Guides Istanbul

A Foodie’s Guide To Istanbul

foodies guide to istanbul

A Foodie’s Guide To Istanbul

I just got back from the city where the East and the West collide: Istanbul. This Turkish metropolis spans two continents. The Asian part is mostly residential, whereas the European part is home to historical treasures such as the Hagia Sophia (Byzantine church/mosque/museum), Topkapi Palace (home of the Ottoman sultans) and the beautiful and massive Blue Mosque.

Before Istanbul became Istanbul it was Constantinople, the seat of Constantine’s Eastern Roman empire (fun fact: Constantine was born in what is now Serbia). Constantinople was once considered the center of the world and was the wealthiest and most bustling city in the world. That’s enough for my history lesson, but I’m leaving you with the music video for They Might Be Giants’ “Istanbul, Not Constantinople.” It summarizes the mere basics of what I just said.

This is a foodie’s guide to Istanbul. I will show you and teach you about baklavas, kebabs, Turkish tea and the rest.

If you’re interested in seeing non-food related photos from my trip, check them out on my Tumblr; I will keep updating it with photos over the next few days.

Baklava

No trip to Turkey is complete without baklava. The key ingredients are phyllo dough, nuts and honey, but there are many different varieties. Below you can see that I discovered chocolate baklava. I also learned the pistachios are the nut of choice in Istanbul.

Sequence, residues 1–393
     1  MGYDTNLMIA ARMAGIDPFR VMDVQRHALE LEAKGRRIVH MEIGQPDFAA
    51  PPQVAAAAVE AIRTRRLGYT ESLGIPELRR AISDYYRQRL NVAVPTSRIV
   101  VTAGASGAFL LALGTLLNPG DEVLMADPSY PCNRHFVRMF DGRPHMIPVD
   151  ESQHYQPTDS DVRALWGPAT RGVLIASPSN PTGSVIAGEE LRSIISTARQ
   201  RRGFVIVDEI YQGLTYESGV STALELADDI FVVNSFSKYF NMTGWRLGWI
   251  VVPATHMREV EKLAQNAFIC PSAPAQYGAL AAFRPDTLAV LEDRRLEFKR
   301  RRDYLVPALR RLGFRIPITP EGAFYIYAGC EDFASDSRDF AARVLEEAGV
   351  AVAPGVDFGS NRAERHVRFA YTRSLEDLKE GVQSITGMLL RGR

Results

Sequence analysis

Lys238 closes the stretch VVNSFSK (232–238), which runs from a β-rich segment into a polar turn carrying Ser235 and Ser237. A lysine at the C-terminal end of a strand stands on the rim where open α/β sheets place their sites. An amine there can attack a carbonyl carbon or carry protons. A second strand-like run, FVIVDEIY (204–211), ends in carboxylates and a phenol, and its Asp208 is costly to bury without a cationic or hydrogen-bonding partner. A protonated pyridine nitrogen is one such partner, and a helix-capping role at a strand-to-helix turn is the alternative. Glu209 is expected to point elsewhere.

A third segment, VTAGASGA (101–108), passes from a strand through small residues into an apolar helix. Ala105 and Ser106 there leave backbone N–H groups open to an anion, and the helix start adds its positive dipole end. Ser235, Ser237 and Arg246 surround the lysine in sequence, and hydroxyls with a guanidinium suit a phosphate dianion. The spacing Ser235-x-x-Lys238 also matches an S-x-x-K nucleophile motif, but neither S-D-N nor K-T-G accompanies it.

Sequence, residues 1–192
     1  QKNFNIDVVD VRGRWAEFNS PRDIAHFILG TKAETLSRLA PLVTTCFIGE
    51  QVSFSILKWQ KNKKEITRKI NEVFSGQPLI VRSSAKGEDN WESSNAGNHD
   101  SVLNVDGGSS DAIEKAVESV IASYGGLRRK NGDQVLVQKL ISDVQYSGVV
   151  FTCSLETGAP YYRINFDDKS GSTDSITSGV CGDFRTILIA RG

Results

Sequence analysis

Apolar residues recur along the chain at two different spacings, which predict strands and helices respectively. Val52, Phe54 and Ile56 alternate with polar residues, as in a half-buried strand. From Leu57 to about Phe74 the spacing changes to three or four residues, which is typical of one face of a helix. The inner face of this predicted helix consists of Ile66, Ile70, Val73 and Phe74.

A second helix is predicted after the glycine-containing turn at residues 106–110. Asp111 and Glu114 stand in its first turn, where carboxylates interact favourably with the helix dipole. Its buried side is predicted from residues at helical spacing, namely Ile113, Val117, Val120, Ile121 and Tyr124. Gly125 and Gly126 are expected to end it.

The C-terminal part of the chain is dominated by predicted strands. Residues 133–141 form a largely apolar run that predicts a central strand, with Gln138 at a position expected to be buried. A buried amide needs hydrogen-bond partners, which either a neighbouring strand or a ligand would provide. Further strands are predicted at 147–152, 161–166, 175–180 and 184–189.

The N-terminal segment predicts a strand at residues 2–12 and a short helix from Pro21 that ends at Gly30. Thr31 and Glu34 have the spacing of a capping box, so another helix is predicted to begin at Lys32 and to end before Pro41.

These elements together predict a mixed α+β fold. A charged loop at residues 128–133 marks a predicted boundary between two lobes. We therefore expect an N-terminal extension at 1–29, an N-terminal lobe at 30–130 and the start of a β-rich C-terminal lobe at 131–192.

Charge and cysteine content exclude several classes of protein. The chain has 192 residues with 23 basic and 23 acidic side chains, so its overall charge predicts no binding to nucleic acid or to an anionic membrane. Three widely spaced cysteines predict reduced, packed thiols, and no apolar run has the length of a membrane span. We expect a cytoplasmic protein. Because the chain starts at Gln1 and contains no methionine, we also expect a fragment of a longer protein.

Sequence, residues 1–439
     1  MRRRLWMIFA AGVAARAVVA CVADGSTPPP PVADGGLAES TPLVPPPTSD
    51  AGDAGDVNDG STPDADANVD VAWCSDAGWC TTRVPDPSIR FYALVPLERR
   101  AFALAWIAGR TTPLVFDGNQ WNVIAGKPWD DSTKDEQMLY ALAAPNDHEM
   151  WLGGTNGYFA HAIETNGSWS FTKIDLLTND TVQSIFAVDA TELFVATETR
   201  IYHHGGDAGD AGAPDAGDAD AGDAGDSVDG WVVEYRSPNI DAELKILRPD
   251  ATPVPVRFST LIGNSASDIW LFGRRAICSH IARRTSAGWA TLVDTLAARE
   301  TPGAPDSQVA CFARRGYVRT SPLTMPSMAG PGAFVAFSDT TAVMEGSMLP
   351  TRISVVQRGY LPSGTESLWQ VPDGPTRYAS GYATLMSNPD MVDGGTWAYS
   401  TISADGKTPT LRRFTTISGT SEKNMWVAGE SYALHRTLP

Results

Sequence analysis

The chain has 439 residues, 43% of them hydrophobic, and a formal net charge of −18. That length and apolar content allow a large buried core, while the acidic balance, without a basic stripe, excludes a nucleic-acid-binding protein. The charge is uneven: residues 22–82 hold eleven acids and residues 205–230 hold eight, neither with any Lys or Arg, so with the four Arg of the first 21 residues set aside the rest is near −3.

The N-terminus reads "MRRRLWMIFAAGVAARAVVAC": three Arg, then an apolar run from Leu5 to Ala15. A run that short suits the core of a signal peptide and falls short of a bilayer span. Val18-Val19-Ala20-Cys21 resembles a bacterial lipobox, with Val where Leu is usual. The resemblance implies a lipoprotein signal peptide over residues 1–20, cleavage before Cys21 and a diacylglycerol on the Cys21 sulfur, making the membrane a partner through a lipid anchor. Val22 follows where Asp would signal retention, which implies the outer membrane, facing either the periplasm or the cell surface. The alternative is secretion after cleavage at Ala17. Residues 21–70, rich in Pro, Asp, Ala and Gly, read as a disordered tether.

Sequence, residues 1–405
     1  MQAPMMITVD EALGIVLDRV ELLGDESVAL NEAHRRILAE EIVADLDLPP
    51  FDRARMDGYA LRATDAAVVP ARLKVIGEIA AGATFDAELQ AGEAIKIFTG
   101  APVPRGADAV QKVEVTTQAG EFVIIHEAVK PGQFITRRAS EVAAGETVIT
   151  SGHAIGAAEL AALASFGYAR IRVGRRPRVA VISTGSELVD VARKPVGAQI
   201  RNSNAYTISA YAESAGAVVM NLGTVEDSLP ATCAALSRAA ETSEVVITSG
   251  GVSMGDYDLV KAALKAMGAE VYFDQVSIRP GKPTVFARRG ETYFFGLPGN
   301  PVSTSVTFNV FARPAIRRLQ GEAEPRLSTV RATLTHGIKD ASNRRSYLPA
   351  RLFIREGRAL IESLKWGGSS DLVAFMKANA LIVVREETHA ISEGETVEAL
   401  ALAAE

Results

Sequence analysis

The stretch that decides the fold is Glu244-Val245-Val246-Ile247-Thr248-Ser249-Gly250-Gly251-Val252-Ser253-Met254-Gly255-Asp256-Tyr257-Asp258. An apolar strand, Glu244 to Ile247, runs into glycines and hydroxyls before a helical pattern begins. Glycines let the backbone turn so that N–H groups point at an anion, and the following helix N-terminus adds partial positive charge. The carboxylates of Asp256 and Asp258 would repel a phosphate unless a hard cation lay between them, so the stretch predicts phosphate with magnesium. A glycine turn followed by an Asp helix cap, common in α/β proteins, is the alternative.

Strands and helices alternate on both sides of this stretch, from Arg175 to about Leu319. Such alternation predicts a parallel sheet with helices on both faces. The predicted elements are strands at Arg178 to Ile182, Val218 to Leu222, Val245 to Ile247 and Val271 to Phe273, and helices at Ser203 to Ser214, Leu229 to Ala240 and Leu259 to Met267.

foodies guide to istanbul

Chocolate pistachio baklava

foodies guide to istanbul

Pistachio baklava

The last two photos may not look like traditional baklava, but they are also made of phyllo dough, just cut up into tiny threads, and then filled with nuts and syrup. Baklava can be found in any pastry shop in Istanbul.

foodies guide to istanbul

Bird’s nest baklava

foodies guide to istanbul

Massive baklava rolls

Turkish Delight

Turkish Delight can also be found in any pastry shop alongside the baklava. Before I had it in Istanbul, I didn’t like Turkish Delight. The Turkish Delight I’d known was an overly sweet block of jelly covered in powder. Thankfully, this dessert is prepared more masterfully in its homeland.